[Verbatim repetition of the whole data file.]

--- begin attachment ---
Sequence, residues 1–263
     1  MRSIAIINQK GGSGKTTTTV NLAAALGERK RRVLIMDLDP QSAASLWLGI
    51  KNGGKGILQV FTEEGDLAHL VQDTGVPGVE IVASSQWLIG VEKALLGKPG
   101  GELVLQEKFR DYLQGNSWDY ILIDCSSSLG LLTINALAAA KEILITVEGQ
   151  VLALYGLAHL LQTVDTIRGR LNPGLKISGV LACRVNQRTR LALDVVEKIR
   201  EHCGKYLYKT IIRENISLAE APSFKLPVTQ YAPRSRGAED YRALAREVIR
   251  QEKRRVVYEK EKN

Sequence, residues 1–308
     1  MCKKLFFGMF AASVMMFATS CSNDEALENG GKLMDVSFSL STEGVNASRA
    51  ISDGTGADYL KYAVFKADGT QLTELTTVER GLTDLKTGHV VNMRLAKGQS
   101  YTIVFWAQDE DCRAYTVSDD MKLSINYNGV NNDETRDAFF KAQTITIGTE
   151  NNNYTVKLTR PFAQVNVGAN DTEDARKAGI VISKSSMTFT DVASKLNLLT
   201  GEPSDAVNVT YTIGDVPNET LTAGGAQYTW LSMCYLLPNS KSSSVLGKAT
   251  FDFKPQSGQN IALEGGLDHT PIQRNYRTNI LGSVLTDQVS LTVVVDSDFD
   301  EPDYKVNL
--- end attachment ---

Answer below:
Sequence, residues 1–263
     1  MRSIAIINQK GGSGKTTTTV NLAAALGERK RRVLIMDLDP QSAASLWLGI
    51  KNGGKGILQV FTEEGDLAHL VQDTGVPGVE IVASSQWLIG VEKALLGKPG
   101  GELVLQEKFR DYLQGNSWDY ILIDCSSSLG LLTINALAAA KEILITVEGQ
   151  VLALYGLAHL LQTVDTIRGR LNPGLKISGV LACRVNQRTR LALDVVEKIR
   201  EHCGKYLYKT IIRENISLAE APSFKLPVTQ YAPRSRGAED YRALAREVIR
   251  QEKRRVVYEK EKN

Sequence, residues 1–308
     1  MCKKLFFGMF AASVMMFATS CSNDEALENG GKLMDVSFSL STEGVNASRA
    51  ISDGTGADYL KYAVFKADGT QLTELTTVER GLTDLKTGHV VNMRLAKGQS
   101  YTIVFWAQDE DCRAYTVSDD MKLSINYNGV NNDETRDAFF KAQTITIGTE
   151  NNNYTVKLTR PFAQVNVGAN DTEDARKAGI VISKSSMTFT DVASKLNLLT
   201  GEPSDAVNVT YTIGDVPNET LTAGGAQYTW LSMCYLLPNS KSSSVLGKAT
   251  FDFKPQSGQN IALEGGLDHT PIQRNYRTNI LGSVLTDQVS LTVVVDSDFD
   301  EPDYKVNL